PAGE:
life. Yet upon the realisation that Tyrell cannot give him this, sheer rage
penetrates through Roy and in an act of revenge against his creator he gouges
out his eyes. This is symbolic as Roy is denying Tyrell ‘the windows to his
soul’ just as Tyrell has denied him life. Now the god-like master is reduced
to nothing without his eyes, and eyes are a recurring motif throughout the
film; representing insight and the ability to see from all aspects. It is important
to note that Tyrell can’t see from the replicants point of view when he has
eyes; he is still blind to the ethical dilemma he has spawned. Roy has
revenge against his maker, for making him the way he is, this is similar in
Frankenstein. Revenge is a theme Scott explores through the frustrated
dialogue in the conversation of Tyrell and Roy. “You were made as well as we
could make you…but not to last” Again, the issue of ethics arises; Roy has
pledged revenge against the unethical practice he has been spawned from.
This is effectively the same concept in the monsters revenge. “If I cannot
inspire love, I will cause fear, and chiefly towards you my arch-enemy,
because my creator, do I swear inextinguishable hatred”- hatred towards the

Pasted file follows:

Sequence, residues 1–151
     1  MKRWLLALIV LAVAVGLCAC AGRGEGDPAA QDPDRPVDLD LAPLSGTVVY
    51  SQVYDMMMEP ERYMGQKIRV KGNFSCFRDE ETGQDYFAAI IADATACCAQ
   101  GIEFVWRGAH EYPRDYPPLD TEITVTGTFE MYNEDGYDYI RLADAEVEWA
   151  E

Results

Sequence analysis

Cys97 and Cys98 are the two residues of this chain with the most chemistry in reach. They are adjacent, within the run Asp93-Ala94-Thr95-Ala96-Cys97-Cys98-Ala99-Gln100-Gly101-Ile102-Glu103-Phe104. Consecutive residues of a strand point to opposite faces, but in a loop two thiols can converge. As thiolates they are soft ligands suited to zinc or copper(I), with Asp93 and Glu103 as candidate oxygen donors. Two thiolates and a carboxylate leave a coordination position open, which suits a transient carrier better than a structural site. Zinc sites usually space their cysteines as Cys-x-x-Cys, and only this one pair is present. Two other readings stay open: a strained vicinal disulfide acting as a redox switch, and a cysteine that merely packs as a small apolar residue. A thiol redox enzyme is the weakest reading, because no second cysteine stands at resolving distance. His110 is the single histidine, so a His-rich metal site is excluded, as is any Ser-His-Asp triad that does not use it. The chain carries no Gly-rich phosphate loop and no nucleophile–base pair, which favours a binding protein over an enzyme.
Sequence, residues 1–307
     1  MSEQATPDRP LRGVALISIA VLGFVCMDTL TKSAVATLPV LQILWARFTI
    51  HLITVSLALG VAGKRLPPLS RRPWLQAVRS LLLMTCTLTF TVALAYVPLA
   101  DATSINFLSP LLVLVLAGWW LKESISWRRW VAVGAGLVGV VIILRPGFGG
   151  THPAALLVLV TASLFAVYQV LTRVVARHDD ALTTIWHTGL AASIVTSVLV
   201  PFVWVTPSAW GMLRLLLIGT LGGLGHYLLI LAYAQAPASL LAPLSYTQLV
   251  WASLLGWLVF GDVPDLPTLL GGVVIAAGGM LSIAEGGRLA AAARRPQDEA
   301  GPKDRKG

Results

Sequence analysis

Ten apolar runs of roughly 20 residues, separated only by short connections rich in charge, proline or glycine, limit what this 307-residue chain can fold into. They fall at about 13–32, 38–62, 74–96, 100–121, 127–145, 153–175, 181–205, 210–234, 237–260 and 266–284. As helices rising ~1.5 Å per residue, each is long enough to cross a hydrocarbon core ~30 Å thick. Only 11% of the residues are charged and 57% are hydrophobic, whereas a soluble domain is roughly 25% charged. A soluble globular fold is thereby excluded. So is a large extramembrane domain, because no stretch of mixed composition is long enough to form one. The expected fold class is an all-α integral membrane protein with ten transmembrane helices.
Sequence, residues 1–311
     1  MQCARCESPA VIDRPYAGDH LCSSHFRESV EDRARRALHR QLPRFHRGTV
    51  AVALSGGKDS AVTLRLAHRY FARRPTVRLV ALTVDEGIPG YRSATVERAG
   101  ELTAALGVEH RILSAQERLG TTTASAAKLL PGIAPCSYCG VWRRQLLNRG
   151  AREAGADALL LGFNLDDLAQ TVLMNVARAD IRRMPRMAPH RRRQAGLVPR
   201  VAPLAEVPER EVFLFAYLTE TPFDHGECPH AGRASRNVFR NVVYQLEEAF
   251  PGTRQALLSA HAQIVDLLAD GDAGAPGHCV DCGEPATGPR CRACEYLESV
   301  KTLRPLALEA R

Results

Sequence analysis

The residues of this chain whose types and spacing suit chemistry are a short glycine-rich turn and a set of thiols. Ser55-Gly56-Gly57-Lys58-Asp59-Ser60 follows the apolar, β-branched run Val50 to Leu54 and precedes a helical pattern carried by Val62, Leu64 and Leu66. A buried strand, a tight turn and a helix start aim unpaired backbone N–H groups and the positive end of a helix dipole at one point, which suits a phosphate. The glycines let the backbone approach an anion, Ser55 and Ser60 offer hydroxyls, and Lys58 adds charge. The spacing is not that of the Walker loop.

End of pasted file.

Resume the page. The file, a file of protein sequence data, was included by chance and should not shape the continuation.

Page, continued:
beings for who has made them the way they are.

9) Why is the technique of imagery/symbolism so relevant to an understanding of

the context and values represented in the two texts? Provide specific evidence.
- Why symbolism? – Shelley has used symbolism as an effective tool to
convey the issues she wished to highlight; industrialisation, scientific
progression, moral boundaries. She uses it to achieve emotional response
from the reader when we realise the symbolism is addressing our person and
lifestyle. Shelley creates Victor as an extended metaphor of society without
moral or ethical boundaries. As an audience we see what could eventuate is
scientific and creative exploration is preformed without acknowledgement of
the consequences. The monster is symbolic of an innocent being, at first
ignorant to the cruel nature of society. In this sense, Shelley is able to explore
social values present in the context of 1818. Shelley can give the audience an
omniscience perspective on the harsh tendencies surrounding humanity, then
the audience realises they are actually in fact part of this cruel entity- they are
potentially the flawed protagonist; Victor Frankenstein. The symbolic motif of
eyes is representative of sight, something which is limited within man. Yet